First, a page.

Blue Jasmine (2013)Monday, 23. December 2013
Director: Woody Allen
Writer: Woody Allen
Cast: Cate Blanchett, Sally Hawkins, Alec Baldwin, Bobby Cannavale, Michael Stuhlbarg, Alden Ehrenreich, Louis C.K., Peter Sarsgaard, Andrew Dice Clay
Jasmine (Cate Blanchett) married rich when she was younger, but then her husband Hal (Alec Baldwin) was arrested and she lost everything. So she turns to her sister Ginger (Sally Hawkins) for shelter, despite their strained relationship and even though Ginger lives way beyond the standards Jasmine is used to. Jasmine tries to get back on her feet but she isn’t in the most stable state of minds to begin with.
Blue Jasmine mostly lives off Cate Blanchett’s incredible performance, but otherwise pretty much continues Woody Allen’s streak of lukewarm films (as far as I have seen them).
When I saw the first trailer, I was wondering whether Woody Allen had made an adaptation of A Streetcar Named Desire. Now that I have seen it, it’s not quite as similar as I thought first but I do think that there are very many parallels there. Enough that maybe Tennessee Williams should have gotten an “inspired by” credit.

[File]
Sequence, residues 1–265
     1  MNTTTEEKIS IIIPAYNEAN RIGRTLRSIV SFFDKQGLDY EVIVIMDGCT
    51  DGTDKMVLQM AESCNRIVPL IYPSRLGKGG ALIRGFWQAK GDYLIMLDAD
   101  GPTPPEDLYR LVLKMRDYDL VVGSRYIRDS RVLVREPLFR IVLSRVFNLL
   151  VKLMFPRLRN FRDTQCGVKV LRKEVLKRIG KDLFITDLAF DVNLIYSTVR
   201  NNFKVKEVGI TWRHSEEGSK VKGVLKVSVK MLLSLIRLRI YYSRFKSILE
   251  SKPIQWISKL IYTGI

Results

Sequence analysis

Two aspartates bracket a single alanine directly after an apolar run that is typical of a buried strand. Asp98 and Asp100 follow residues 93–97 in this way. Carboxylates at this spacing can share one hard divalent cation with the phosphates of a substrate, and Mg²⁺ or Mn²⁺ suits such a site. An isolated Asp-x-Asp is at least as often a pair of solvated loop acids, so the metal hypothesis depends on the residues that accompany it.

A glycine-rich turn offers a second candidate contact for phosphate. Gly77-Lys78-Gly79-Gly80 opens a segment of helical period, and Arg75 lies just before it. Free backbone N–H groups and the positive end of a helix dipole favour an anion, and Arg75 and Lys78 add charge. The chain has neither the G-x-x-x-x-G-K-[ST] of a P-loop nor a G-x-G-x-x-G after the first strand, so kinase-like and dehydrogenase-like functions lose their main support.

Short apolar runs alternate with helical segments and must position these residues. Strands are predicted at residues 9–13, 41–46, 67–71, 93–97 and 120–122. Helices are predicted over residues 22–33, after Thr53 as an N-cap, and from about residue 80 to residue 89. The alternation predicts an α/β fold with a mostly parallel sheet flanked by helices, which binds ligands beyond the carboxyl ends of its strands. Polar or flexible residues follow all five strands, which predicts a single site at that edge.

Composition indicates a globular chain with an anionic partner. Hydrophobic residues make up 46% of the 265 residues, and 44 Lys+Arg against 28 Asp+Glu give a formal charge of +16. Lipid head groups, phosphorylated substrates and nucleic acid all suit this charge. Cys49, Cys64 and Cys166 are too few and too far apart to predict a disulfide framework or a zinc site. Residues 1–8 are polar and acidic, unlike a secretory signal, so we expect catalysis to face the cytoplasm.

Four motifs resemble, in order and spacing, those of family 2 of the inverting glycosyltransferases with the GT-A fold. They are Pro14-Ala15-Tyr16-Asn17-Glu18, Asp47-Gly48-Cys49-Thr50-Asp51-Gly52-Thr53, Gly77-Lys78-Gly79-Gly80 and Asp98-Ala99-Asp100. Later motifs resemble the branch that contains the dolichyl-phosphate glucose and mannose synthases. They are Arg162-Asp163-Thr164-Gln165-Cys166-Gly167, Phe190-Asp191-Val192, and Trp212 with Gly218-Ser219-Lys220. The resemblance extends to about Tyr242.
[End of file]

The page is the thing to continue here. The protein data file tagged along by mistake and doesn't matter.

Cate Blanchett is a perfect Blanche du Bois/Jasmine. She’s alluring, beautiful, fragile, flirty, arrogant, classist, charming and broken. And Blanchett makes her not only relatable, but actually likeable, despite all her shortcomings. She gives you not the least quarter – you fall apart along with Jasmine.
It’s no surprise that everything else takes a backseat to that, even though especially Sally Hawkins, Michael Stuhlbarg and Peter Sarsgaard turned in great performances as well.
But other than the cast and the grasp on Jasmine as a character, the movie was rather lackluster. The story doesn’t go anywhere, there is no real character growth (in any of the characters) and apart from Jasmine, nobody really gets much motivation or depth at all. And I still have troubles to cry for people who lose their privileges and the harsh life of the rich. At least this time round, though, Allen managed to make it bearable.
Summarizing: Watch it for Cate Blanchett.